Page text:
depolymerization

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depolymerization

[‚dē·pə‚lim·ə·rə′zā·shən]
(organic chemistry)
Decomposition of macromolecular compounds into relatively simple compounds.
References in periodicals archive ?
Depolymerisation starts releasing rubber components back to the liquid phase causing a decrease in the stiffness, and a further increase in the mixing temperature and mixing duration leads to the failure stage in which the rubberized binder loses its elastic properties [23, 24].
It includes the loss of polymer mass through mechanisms such as salvation and depolymerisation.
Protein denaturation by heat treatment occurs through depolymerisation and solubilisation of skeletal muscle proteins (Cheftel and Culioli, 1997).
2006), depolymerisation of cellulose material (Dupont, Tetreault 2000) and the corrosion of metal (Tennent et al.
In the field of paints, coatings, rubbers and plastics, LPD has dealt with materials failure investigations, embrittlement and leaching issues, degradation and polymer swelling, adhesive and cohesive failure, interfacial contamination, depolymerisation, paint delamination problems, wetting and mixing issues, amongst others.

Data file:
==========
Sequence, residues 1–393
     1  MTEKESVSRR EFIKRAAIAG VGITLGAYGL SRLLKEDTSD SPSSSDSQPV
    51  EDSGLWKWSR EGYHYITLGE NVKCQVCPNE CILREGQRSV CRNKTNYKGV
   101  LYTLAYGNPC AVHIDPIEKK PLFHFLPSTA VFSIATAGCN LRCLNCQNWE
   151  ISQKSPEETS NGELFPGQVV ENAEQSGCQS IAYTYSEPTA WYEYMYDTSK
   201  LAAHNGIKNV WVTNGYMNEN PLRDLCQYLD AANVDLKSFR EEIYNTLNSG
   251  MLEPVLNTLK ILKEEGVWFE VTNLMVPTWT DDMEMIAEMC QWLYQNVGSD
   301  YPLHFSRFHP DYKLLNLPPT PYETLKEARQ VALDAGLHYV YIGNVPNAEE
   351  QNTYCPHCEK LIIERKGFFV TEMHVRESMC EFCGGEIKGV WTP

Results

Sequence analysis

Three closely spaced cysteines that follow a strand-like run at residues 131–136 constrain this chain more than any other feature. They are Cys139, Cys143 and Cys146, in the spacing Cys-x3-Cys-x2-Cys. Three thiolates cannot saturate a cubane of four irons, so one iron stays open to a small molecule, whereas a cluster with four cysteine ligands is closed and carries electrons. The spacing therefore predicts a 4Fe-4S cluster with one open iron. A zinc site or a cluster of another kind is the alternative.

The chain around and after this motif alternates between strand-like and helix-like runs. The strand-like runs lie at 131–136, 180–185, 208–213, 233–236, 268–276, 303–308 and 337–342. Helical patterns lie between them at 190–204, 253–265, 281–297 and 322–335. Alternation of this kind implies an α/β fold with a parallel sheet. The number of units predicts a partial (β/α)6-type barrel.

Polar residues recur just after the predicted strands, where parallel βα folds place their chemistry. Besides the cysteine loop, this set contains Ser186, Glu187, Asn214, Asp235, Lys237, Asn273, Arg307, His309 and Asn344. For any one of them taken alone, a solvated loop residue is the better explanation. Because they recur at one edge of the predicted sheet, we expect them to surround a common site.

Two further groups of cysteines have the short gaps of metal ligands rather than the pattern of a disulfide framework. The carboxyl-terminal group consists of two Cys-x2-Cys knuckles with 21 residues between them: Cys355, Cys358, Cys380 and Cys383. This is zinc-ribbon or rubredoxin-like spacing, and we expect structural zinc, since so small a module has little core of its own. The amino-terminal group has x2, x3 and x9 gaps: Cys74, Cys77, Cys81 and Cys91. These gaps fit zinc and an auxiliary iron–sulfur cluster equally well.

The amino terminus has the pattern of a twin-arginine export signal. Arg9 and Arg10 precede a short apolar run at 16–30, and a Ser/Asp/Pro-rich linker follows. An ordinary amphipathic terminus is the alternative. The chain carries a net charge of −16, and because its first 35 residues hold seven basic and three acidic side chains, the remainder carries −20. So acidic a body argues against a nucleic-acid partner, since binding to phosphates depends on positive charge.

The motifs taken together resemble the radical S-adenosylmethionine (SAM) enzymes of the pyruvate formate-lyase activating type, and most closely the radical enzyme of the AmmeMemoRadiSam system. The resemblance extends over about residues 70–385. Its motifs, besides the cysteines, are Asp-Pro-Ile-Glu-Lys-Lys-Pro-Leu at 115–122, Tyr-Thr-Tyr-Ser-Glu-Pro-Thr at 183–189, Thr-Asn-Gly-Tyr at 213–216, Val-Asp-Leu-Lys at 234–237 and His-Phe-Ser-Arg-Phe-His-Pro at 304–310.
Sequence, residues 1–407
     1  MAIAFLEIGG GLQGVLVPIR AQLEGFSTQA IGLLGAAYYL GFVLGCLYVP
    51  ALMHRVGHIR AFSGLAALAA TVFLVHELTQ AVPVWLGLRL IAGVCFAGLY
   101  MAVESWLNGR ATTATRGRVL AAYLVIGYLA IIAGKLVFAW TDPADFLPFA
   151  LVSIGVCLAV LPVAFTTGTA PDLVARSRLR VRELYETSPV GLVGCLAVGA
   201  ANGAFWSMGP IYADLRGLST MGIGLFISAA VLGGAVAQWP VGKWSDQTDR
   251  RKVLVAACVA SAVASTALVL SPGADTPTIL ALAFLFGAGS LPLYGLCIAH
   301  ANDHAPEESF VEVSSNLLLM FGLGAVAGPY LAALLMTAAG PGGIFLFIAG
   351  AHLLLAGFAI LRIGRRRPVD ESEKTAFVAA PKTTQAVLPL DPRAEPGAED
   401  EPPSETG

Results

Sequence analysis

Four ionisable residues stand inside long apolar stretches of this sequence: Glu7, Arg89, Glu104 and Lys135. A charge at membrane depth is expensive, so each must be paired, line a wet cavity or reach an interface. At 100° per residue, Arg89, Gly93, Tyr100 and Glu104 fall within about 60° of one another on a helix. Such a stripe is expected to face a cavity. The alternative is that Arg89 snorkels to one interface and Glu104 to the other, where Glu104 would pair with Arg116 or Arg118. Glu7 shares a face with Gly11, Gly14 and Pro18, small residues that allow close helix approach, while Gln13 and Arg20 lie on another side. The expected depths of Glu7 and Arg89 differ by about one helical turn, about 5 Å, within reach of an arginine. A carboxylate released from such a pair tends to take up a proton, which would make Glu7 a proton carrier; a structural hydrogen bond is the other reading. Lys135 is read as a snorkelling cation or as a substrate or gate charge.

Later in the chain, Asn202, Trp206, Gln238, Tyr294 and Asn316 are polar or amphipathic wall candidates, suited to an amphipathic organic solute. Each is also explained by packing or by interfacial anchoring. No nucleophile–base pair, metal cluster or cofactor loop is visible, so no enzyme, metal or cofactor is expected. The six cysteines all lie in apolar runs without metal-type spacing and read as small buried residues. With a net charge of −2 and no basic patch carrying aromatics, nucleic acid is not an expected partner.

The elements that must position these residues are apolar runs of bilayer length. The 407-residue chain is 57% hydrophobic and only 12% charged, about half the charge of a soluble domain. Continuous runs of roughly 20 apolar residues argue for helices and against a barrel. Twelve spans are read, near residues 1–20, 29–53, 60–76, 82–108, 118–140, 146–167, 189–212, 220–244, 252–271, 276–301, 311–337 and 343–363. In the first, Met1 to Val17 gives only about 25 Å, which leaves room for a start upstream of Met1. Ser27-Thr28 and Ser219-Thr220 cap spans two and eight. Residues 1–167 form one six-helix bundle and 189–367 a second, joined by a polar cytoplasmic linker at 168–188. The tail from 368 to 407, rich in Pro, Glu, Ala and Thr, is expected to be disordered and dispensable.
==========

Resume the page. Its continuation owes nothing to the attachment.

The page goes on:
Low molecular weight heparin (LMWH) is a class of heparin produced by controlled depolymerisation of unfractionated heparin.
Their softening temperature is around 125[degrees]C and above this temperature the depolymerisation of powder occurs.
Subsequent depolymerisation of the soluble NSP in vivo using glycanases overcame this problem.
Panels 1d and 2d show microtubule depolymerisation resulting from the treatment with vincristine.
The extent of depolymerisation, which has the effect of reducing viscosity, is determined by the acid strength, time, temperature, and structure of the polysaccharide.
1986, "Controlled chemical depolymerisation of natural polysaccharide(s) - by radical reaction in aqueous solution at 20-70 degree C in presence of catalyst to yield oligosaccharide(s) with useful pharmaceutical properties," PCT international patent application WO 8606729A.